Between June and November, his government abandoned talks with the Kurds and resumed the war against the PKK. The resulting “rally around the flag” effect saw Erdogan’s Justice and Development Party (AKP) improve its showing in November, boosted further by the Turkish army siege of entire Kurdish cities, which in effect disenfranchised them. Following the November 2015 vote, Erdogan formed a new government with the far-right and virulently anti-Kurdish National Action Party (MHP).

The militarization of Ankara’s approach to its “Kurdish problem” increased even further under the AKP-MHP partnership. In 2015 and 2016, whole city blocks in majority Kurdish cities of southeastern Turkey were razed to the ground as part of the counterinsurgency campaign. In the town of Cizre, the army burned Kurdish civilians alive while they hid in a basement. 

Mourners lower into a grave the coffin of Kurdish leader Mehmet Tekin, 38, who was killed at his home in Cizre by Turkish troops, during his funeral in Sirnak on Decembe​​​​​r 23, 2015. (AFP file photo)

In Sirnak, footage emerged of Turkish forces dragging the body of a well-known Kurdish filmmaker behind their armored vehicle. In Nusaybin, MHP parliamentarians called for the razing of the entire city.  

Urban warfare is never pretty, of course, and the PKK held part of the blame for the destruction as a result of its new urban warfare strategy. Many aspects of the Erdogan government’s counterinsurgency actions of 2015 and 2016 went beyond the pale, however, and should have earned at least some rebukes from Washington.

The Obama administration stayed largely silent during this time. Policy makers in Washington had finally gained Turkish acquiescence to use NATO air bases in Turkey in their campaign against Daesh and Ankara has also promised to join the effort.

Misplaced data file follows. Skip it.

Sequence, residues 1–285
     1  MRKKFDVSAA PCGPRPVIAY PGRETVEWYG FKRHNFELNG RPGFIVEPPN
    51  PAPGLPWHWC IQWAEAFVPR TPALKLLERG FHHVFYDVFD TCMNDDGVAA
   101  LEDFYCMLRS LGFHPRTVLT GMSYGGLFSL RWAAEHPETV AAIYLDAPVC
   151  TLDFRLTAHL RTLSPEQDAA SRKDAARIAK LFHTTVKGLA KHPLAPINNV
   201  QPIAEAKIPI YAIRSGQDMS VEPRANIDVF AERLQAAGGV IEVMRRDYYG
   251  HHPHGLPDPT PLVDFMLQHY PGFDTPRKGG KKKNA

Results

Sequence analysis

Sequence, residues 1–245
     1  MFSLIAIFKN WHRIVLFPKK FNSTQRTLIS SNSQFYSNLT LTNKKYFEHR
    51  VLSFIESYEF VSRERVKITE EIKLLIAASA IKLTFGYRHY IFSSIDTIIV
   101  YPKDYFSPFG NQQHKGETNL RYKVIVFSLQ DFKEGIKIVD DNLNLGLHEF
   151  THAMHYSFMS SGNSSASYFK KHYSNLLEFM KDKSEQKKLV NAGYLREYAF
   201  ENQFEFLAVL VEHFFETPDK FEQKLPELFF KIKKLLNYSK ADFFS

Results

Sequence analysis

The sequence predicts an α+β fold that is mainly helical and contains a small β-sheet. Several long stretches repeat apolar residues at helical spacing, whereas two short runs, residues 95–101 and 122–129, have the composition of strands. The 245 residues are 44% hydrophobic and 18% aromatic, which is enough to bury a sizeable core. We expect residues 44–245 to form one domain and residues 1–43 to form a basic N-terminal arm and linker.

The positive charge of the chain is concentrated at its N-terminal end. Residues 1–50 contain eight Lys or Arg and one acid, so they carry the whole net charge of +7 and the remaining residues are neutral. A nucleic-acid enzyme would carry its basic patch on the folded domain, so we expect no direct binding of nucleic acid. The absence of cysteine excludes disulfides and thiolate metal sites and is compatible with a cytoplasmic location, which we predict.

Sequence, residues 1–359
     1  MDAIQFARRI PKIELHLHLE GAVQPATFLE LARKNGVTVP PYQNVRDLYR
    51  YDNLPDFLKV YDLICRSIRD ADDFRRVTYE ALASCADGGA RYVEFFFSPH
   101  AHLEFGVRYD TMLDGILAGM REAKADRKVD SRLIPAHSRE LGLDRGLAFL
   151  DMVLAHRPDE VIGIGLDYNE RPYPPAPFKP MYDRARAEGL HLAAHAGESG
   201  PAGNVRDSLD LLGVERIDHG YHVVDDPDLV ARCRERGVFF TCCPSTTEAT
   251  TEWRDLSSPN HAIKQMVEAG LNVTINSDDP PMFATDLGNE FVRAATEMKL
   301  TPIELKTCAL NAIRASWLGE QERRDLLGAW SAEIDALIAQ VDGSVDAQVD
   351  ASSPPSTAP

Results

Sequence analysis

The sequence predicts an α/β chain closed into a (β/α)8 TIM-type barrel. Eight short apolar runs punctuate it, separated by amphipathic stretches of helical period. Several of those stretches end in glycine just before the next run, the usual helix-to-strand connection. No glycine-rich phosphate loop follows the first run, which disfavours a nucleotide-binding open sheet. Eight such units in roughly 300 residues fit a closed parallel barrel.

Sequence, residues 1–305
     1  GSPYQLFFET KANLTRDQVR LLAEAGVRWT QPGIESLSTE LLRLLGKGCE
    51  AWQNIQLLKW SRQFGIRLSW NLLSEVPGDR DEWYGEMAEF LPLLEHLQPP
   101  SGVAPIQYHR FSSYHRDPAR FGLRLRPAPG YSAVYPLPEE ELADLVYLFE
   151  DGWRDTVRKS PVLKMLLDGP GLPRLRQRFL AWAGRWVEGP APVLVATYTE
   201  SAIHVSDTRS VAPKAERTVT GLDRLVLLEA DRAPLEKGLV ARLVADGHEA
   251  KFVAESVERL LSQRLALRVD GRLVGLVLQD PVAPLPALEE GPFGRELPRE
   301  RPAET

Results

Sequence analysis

What Obama really received from Ankara, however, were a few token Turkish airstrikes of little significance against Daesh and a rising crescendo of heavy attacks against America’s Kurdish allies in Syria. 

Erdogan’s government duly reported every cross-border strike and various incursions and invasions into Syria as “operations against terrorist organizations in Syria” — conveniently conflating Daesh and the Syrian Kurdish forces.

Turkey even employed former Daesh fighters and other Syrian radical groups among its proxy mercenaries in these operations, further aggravating Syria’s problems with militant Islamists.

INNUMBERS

  • 87 Media workers detained or imprisoned for terrorism offenses.
  • 8,500 People detained or convicted for alleged PKK ties.

The quid pro quo of this arrangement involved Washington turning a blind eye to Turkey’s human rights abuses against Kurds both in Syria and Turkey. Even Turkish airstrikes in Iraq, which at times killed Iraqi army personnel and civilians in places like Sinjar, failed to elicit any American rebukes — under Obama or Trump.

If the new Biden administration returns to the standard operating procedures of the Obama administration regarding Turkey, little may change.